Ideally, the entire team is involved in the project from the start. The energy advisor uses software to analyze the architect’s plans and determine how proposed design features will affect the home’s overall energy-efficiency. For example, in Kemp’s Net Zero Ready custom home in Burnaby the wine cooler room produces a lot of heat and the energy advisor on that project made recommendations to mitigate the problem. Similarly, the south-facing windows that frame stunning ocean views in Kemp’s Net Zero White Rock custom home also pose a problem for heat gain, and the team worked together to find ways to offset it.
Once the energy advisor has created an overall system for the home that will allow it to achieve its energy efficiency goals, a mechanical systems specialist integrates all of the technology and heating and cooling systems involved.
The builder is ultimately responsible for the success of the entire project; they coordinate the team, and use their own expertise in building envelope design, wall construction, insulation, and ventilation to both advise and implement solutions. Every detail counts, right down to insulating ducting, electrical panels, and plumbing in exterior walls. You can see some of the energy-efficient solutions Kemp brings to projects here.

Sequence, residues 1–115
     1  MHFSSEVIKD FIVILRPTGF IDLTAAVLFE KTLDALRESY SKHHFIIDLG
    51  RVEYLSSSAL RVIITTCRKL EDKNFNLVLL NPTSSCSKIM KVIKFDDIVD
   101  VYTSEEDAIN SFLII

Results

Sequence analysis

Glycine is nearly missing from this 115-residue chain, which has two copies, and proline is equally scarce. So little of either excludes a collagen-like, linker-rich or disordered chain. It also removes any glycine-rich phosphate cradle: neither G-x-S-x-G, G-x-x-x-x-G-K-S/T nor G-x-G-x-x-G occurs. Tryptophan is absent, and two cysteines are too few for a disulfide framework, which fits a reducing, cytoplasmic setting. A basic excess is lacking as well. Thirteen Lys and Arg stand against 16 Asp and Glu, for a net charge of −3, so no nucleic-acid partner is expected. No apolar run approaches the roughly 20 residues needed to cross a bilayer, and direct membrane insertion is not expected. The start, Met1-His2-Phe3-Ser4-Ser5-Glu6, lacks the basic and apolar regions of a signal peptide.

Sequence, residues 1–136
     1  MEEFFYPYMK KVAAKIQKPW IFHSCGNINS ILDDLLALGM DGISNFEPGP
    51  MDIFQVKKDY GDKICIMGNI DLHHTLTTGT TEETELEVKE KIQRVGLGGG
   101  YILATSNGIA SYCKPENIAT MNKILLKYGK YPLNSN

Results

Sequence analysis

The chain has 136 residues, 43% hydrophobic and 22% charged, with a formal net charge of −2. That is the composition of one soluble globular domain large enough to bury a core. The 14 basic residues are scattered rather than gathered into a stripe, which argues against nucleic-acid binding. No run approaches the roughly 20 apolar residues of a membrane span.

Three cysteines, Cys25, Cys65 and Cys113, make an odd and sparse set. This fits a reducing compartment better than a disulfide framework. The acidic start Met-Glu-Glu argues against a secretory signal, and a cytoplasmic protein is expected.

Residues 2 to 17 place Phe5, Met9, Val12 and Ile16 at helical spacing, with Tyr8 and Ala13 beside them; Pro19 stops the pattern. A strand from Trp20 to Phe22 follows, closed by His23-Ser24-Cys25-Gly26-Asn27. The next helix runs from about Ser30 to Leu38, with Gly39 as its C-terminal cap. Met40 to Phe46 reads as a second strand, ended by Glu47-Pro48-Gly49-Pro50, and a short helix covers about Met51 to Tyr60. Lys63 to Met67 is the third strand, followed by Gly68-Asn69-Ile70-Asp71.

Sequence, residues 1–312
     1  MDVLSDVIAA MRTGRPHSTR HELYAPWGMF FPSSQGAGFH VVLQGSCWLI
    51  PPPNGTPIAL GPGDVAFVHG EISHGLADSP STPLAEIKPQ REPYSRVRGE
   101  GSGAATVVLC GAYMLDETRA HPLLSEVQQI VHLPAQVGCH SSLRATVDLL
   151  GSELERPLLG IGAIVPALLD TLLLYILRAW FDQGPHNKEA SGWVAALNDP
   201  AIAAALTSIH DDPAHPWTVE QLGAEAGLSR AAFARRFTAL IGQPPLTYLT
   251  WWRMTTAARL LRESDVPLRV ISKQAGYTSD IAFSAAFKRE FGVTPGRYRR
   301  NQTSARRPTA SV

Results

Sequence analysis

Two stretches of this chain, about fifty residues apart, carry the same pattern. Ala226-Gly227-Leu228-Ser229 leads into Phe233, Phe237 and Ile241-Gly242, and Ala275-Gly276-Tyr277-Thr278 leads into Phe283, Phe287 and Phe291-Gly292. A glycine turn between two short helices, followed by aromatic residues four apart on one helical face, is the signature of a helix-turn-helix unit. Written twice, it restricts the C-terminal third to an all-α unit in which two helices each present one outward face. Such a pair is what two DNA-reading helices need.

A Qualified Net Zero Builder can save you time and money
As a family-owned, intergenerational company, our team cares deeply about the effects of climate change and creating a sustainable future. Housing is a major contributor to greenhouse gas emissions, and Net Zero Homes are one of the ways we’re working to be part of the solution.
Our commitment to sustainability has meant that Kemp Construction has been at the forefront of energy-efficient building techniques and technologies in BC for more than a decade. We don’t just understand how design, construction techniques, mechanical systems, and technology work together to create an energy-efficient home, we’ve been applying the solutions for years – and that experience can save you time and money. If you’re thinking of building or renovating to a Net Zero or Net Zero Ready standard, please give us a call – let’s start a conversation about the future of housing.
What is the value of a Net Zero label on my Metro Vancouver home?
A US study found that an energy-efficient house with third-party certification sells, on average, for 5-8% more than a conventional house.
In 2032, all new homes in BC will have to be built to a Net Zero Ready standard (the equivalent of Step Code 5 in BC). If you build a conventional home today, in less than a decade, that home will be competing in the market with homes that are more cost-effective to operate, with superior cooling and heating systems, clean air, and the ability to adapt to new energy sources. Soon, consumers will be asking to see the energy consumption of a home prior to purchasing it, much the same way they buy a car.